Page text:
Oil trading has become volatile as prices face headwinds from increasing inventories that appear to be climbing. The recent addition of active oil rigs reported by Baker Hughes over the past few weeks is likely a precursor to further increases in production and potentially inventory builds.
Crude oil prices consolidated on Wednesday following a report from the Department of Energy which revealed this week’s inventory numbers. Prices have been on the defensive and have declined nearly 20% since the beginning of July. While gasoline demand remains robust through the heart of the driving season, distillate demand is down year over year. A fear traders have is that declining distillate demand will lead to a glut of heating oil ahead of the winter.
The increase in imports were a major factor in the build in crude oil inventories reported this week. Production in the U.S. declined, with the entire focus on the drop in Alaska by 55K barrels compared to zero on the continental US. According to the Energy Information Administration, U.S. crude oil imports averaged over 8.7 million barrels per day last week, up by 301,000 barrels per day from the previous week. Over the last four weeks, crude oil imports averaged 8.3 million barrels per day, 10.4% above the same four-week period last year.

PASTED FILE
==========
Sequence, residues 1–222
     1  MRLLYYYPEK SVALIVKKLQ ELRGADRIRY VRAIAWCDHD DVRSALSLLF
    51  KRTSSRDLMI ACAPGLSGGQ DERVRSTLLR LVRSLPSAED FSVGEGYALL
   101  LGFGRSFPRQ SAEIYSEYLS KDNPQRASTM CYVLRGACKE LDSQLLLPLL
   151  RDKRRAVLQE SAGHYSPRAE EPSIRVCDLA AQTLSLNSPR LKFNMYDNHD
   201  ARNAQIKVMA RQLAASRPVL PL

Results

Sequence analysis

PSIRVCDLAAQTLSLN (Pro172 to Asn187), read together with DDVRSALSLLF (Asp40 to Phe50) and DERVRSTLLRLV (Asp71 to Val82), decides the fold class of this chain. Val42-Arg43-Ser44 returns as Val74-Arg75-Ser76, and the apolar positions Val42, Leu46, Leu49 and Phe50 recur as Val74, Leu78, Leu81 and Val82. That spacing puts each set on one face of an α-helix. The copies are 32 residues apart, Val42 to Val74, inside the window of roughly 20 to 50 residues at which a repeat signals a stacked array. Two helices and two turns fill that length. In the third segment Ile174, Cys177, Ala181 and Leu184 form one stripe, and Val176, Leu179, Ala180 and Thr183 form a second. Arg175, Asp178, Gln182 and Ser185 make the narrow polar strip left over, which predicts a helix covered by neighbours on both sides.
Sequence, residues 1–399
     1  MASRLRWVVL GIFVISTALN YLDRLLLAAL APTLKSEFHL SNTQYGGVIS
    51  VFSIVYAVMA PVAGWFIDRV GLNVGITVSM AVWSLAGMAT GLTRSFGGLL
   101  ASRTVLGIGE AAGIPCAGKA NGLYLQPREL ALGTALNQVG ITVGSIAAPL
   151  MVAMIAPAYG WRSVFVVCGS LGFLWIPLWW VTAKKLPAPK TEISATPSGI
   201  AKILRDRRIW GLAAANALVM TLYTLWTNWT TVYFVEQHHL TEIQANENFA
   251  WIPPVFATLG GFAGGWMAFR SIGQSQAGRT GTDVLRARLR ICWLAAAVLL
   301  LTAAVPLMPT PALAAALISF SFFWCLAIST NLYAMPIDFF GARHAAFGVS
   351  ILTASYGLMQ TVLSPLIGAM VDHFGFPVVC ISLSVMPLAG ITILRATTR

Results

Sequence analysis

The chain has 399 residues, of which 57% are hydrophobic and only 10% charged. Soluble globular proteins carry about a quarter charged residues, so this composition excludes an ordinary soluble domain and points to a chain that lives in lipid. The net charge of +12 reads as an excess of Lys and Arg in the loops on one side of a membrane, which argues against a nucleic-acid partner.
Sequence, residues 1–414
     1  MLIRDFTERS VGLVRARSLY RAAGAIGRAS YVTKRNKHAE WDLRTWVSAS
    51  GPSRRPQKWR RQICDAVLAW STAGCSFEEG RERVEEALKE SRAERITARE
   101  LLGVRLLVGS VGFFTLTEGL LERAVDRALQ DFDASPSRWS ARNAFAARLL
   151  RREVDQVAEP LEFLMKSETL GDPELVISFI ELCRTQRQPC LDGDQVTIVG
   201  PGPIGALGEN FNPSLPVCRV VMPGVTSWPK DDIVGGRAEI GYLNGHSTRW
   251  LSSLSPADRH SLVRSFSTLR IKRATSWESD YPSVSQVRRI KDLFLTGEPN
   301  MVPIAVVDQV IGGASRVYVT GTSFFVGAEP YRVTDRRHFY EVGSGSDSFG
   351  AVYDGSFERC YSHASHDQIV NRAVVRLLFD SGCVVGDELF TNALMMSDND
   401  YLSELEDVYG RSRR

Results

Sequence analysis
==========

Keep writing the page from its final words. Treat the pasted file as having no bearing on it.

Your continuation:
Additionally, stocks actually declined in Cushing which is generally a bullish sign for WTI crude oil, but the headline number was not kind to the petroleum complex. The EIA reported that U.S. commercial crude oil inventories increased by 1.4 million barrels from the previous week. Expectations were for a decline in inventories of approximately 2 million barrels. In fact, on Tuesday, the American Petroleum Institute reported that it estimated that crude oil inventoried declined by 1.4 million barrels in the latest week. This head fake, might have caught some traders off-guard.
The Department of Energy also reported that gasoline inventories decreased by 3.3 million barrels last week, but despite this change inventories are well above the upper limit of the average range. Distillate fuel inventories increased by 1.2 million barrels last week and are above the upper limit of the average range for this time of year.
Demand remains solid. The EIA reported that total product demand over the last four-week period averaged about 20.5 million barrels per day, up by 0.6% from the same period last year. Over the last four weeks, gasoline demand averaged about 9.8 million barrels per day, up by 2.2% from the same period last year. Distillate fuel demand on the other hand averaged over 3.6 million barrels per day over the last four weeks, down by 1.9% from the same period last year.
The technicals remain negative for crude oil prices. The 20-day moving average is poised to cross below the 200-day moving average which shows that a long term down trend is in place. Momentum remains negative but the RSI (relative strength index) has stabilized and moved slightly above the oversold trigger level of 30 which could foreshadow a correction.